Increasing use is being made of EDM techniques to apply finishes to molding surfaces instead of using photochemical] etching. This is a relatively new departure that has come about in an attempt to reduce the time and cost associated with the photo-etching process.
Electrodes are becoming available from specialist suppliers in a limited number of patterns and textures for this purpose. There is much debate at the moment about which process gives the better result, but EDM is gaining in popularity and will probably become a major rival of photo-etching in the future.
This procedure involves firing small beads of plastic and other materials in a high- velocity air stream at the surface of the area to be textured. The results vary from a quite coarse sand-blast steel effect to a very fine almost polished finish. Plastic bead blasting is beginning to be used to impart a ‘grip free’ surface to EDM fine sparked finishes to assist in part removal from the cavity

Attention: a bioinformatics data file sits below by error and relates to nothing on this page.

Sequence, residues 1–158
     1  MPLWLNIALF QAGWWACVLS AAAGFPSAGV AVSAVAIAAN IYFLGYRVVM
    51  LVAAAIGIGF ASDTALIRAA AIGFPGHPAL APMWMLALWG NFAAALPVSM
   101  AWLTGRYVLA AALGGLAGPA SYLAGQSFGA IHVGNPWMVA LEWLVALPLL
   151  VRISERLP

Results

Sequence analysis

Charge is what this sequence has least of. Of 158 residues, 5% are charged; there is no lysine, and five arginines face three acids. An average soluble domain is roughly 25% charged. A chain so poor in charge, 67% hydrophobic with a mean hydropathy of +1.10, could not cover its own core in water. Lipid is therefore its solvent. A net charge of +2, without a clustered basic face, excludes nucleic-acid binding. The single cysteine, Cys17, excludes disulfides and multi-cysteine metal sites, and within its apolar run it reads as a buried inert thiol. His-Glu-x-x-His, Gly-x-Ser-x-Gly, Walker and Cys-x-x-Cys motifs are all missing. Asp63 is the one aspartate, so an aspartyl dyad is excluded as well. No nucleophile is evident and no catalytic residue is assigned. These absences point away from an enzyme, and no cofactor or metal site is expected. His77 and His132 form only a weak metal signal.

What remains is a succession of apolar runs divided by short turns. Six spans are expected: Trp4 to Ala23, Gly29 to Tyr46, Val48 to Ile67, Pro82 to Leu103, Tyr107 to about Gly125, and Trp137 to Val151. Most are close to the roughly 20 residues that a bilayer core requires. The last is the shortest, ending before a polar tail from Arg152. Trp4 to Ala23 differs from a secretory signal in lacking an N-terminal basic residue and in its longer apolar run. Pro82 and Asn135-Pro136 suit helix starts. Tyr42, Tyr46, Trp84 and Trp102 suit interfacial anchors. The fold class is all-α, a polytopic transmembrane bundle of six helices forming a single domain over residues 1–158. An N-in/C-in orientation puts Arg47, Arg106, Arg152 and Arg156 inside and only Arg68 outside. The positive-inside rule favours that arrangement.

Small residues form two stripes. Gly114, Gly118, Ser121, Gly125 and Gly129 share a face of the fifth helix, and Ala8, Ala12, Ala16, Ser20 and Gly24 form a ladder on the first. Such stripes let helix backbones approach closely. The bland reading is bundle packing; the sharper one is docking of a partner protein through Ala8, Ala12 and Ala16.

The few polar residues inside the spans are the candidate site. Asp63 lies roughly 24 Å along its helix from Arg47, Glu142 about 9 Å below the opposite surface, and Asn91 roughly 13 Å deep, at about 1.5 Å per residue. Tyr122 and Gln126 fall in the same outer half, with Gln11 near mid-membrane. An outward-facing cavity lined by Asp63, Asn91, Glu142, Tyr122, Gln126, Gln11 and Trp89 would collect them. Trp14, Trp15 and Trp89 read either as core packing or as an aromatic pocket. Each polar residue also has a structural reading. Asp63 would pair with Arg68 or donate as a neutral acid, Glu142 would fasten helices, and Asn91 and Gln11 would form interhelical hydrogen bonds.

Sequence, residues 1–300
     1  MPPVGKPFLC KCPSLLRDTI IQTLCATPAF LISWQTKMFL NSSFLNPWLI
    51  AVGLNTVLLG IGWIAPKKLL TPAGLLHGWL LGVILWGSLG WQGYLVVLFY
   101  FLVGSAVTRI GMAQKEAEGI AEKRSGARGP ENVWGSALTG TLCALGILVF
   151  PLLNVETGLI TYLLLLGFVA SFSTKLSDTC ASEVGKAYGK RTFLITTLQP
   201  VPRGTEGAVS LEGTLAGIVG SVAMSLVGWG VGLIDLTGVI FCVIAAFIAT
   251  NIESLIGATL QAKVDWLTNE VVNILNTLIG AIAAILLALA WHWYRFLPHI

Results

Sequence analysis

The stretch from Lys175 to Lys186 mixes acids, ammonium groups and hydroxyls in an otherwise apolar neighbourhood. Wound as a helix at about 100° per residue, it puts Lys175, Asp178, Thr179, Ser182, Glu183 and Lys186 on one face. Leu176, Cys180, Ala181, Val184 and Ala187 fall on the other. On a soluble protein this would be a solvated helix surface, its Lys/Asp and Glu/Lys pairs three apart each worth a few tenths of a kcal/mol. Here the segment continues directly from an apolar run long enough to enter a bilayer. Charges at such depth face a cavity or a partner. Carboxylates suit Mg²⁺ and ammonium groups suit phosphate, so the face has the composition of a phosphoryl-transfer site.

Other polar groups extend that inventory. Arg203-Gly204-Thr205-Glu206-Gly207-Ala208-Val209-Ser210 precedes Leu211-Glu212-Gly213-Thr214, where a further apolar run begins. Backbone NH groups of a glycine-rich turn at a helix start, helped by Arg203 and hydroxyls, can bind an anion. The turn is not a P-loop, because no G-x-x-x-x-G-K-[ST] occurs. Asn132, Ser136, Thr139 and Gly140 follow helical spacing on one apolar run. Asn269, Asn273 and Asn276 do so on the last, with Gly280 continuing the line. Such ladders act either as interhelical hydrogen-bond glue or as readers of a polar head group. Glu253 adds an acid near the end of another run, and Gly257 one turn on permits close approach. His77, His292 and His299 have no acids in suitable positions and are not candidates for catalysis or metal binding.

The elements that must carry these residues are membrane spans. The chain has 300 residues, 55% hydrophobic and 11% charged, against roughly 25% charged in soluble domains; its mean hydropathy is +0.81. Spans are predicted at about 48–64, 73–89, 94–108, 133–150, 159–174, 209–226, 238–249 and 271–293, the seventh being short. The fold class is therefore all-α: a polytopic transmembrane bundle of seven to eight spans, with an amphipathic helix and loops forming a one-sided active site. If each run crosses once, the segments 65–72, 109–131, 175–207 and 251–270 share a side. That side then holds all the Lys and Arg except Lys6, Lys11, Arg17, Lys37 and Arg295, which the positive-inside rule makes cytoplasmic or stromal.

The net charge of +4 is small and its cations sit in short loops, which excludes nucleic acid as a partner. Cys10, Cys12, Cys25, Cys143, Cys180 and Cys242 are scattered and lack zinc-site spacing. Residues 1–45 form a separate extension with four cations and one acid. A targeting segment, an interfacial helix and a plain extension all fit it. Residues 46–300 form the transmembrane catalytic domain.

This process consists of directing high-velocity liquids, with or without any particles being present. Again, as a specialist process this is not usually undertaken by the mold manufacturer. Vapor blasting is not new but it can be useful in imparting a very fine matt finish to surfaces and is sometimes preferred to EDM finishes. It can be used successfully to disguise poor molding defects such as sinking and flow lines.